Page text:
On June 6, 2018, President Donald Trump commuted Alice Marie Johnson's life sentence and set her free. Johnson had spent 21 years in prison for her role in a cocaine trafficking ring. Kardashian's advocacy on this matter was widely credited for the president's relatively swift action. (Johnson's commutation was part of a broader series of events that led to the bipartisan First Step Act, a bill that assists non-violent federal inmates reentering society.) The headlines were jarring, in a way. Kim Kardashian was involved? Donald Trump did what, again?
This summer, Kardashian is working not only with Kevin's case but also with a man named Kevin Cooper — a Death Row inmate in San Quentin. Cooper was convicted of killing four people in 1985. His case has garnered skepticism over the years, and new DNA tests have pushed his cause into the public eye in the past 12 months. No doubt, stories like Cooper's, Johnson's and Kevin Keith's are part of a broader wave of national interest in true crime drama and political corruption: human tragedy boiled down to a televised understanding of right and wrong.
To further hone her criminal justice inclinations, Kardashian has been apprenticing with attorneys in California. In that state, law school isn't required; regular citizens, even the most world-famous of them all, can work under professional attorneys and study for the bar exam. Earlier this year, she took the state's "baby bar exam," a mandatory sort of practice run for the full test.
"I knew that by bringing on someone like Kim with her interest in this space of criminal justice reform, I knew that it would give the case the attention that it deserves," Rothschild says. "Kim is nothing that I thought she was going to be and everything that I thought she was going to be at the same time. She and her family, obviously, are an open book to the world, that's just the way that they operate. And what I've always admired about her family and the brands in general, is that it's always blood is thicker than water: family first. And that always rang true for me with Charles and Kevin Keith as well. So, when I approached Kim, I knew that she would be intrigued by the case, because she really does appreciate cases like this and gets involved in them. But I also knew that she would see it for what it was, where there was this brother fighting for his brother."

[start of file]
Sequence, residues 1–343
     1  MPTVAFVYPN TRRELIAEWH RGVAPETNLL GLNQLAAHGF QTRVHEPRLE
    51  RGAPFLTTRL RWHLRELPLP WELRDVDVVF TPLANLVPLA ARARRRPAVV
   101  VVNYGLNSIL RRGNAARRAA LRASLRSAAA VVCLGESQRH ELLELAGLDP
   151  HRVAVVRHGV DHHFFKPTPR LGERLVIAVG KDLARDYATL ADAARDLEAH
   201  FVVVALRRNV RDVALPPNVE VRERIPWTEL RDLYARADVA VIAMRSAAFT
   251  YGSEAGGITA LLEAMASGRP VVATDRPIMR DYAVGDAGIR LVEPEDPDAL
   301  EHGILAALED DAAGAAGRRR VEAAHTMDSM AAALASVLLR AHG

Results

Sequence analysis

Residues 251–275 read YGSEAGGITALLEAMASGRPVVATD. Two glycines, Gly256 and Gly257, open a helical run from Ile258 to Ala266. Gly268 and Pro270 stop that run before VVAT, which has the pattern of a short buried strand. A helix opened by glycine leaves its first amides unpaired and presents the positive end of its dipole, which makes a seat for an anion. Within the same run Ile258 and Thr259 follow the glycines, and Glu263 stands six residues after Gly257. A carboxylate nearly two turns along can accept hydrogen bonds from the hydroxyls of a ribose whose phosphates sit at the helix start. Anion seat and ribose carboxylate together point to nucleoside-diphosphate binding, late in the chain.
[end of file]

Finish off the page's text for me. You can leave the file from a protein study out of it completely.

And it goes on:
For now, late in the summer of 2019, Rothschild's team is continuing to collect material for the documentary on a daily basis. Crawford County residents have come forward to share details of the case with her. The team is on the phone and on the ground, recording audio and video for the project and building a deep investigation into what really went down in Bucryus 25 years ago. "It's really been an ongoing production," she says. But while certain platforms have expressed interest in the series — including Netflix, Oxygen and OWN — executives haven't yet committed to anything.
"The reality is: Everyone wants an ending," Rothschild says. "They want to know how it's going to end."
That's the rub. As Kevin's attorneys plow through the incisive legal work of the habeas case, the only way for the general public to understand a case as complex as this or any other murder case is to explain the full story through journalism and, perhaps, a little documentary drama. When Charles says, "It's not about him," what he means is that there's a story here that has nothing to do with his brother. Kevin took the fall, but a thick web of police officers and drug dealers set in motion a violent vignette of rural Ohio life. It's a story.
"What my research staff can do is dig into little facets of the case that investigators either didn't have the time to do, or it doesn't really pertain to Kevin's innocence at this moment," Rothschild says. "So, you can really understand the environment that these people were living in, during that time in 1994 — what it felt like to be in Crawford County, what it felt like to grow up in Crestline and why the relationship between the police officers and these locals was strained and how that all worked. You can have that conversation in a longer documentary piece."
The latest movement on the federal court docket is an Aug. 16 motion for an evidentiary hearing. After an all-out paperwork war over this most recent habeas petition, Kevin's attorneys are seeking a chance in court to suss out the factual undergirding of the charges alleged in the stack of papers.
"While there are a significant number of issues on which the [state] and Keith disagree, those issues likely can be resolved by looking at the record evidence," Kevin's attorneys write.
Now, after 25 years of questions, more people than ever before are looking at the record evidence. With this latest motion filed in federal court and awaiting an answer, it's up to the state to look deeply at what's come before and what comes next in the story of Kevin Keith.